(bgwowk) It's interesting that once again we come back to critical care medicine as an example in this thread. Earlier I cited critical care medicine as the ultimate example of the supremacy of physics in medicine. It is the one area of medicine where there is no "woo"-- virtually none --because there is such immediate feedback about what does and doesn't work. The result has been the creation of a medical culture that is more dedicated to principles of physics, physiology, and physical reality than any other area of medicine. Yet even here there is uncertainty. But the culture, a culture forged in hard physical reality, is such that uncertainty is managed by reference to basic principles and theoretical understanding, not magical thinking. Even when unique cases have no empirical precedent, basic mechanistic understanding of the body (e.g. physiology, pharmacology) remains a guide.

(bgwowk) Science is so much more than just empiricism. Science is a process of building models of how reality works, and those models are the real power of science. If you come away from this thread with any new thoughts at all, please take that one. It is by far the most important idea of all.


(SKEPTIC_7) But the self-proclaimed big names have convinced me. I'm not sure that I would trust anybody in the business to clean my toilets.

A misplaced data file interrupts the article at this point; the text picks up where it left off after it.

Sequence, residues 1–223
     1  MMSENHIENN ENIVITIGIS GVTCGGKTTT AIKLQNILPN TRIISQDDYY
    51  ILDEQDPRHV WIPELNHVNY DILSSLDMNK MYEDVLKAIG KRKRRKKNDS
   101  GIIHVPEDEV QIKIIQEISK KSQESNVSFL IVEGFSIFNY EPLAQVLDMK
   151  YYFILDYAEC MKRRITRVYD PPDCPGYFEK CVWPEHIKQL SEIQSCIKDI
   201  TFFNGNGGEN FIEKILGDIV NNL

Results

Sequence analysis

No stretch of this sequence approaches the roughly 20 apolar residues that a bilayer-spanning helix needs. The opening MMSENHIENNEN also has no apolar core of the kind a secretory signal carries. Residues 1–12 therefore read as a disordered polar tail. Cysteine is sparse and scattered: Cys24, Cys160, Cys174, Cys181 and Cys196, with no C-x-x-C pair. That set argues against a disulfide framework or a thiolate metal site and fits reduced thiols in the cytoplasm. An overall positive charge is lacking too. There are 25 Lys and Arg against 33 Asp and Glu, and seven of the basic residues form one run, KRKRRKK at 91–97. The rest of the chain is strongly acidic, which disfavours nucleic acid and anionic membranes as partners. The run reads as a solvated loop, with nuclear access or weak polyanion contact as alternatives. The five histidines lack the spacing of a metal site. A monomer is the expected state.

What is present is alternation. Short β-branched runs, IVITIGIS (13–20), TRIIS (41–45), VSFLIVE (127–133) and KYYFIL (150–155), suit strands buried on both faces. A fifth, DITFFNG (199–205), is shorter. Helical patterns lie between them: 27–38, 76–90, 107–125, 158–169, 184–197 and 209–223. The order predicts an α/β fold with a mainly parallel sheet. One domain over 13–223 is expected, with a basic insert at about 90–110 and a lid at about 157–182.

(bgwowk) Wow. That's a remarkably powerful form of character assassination. Imply somebody is liar without specifying what they lied about, leaving them utterly defenseless.


(SKEPTIC_1) "It hasn't been shown to be impossbile" does not justify selling cryonic services any more than it justifies homeopathy, psychics, magnetic bracelets, accupuncture, reflexology or any other nonsense. You claim there is hope. Show that. "You can't prove there isn't" doesn't support your claim.

(bgwowk) That is a gross misrepresentation of the argument for cryonics. It's like saying the entire basis for believing cosmological inflation occurred is that "nobody can prove it didn't".

(bgwowk) Furthermore, you can't lump cryonics alongside homeopathy, psychics, etc. on the basis of "it hasn't been shown to be impossible." Those other things HAVE been shown to be impossible according to known physical law. I don't understand why skeptics apparently don't acknowledge the role of mechanistic models of the world in determining what is and isn't "woo". Physics is the most powerful tool in a skeptic's toolbox. Without physics, it would be impossible to distinguish woo from real technology in any practical way because of the impossibility of individually testing every claim ever made about anything.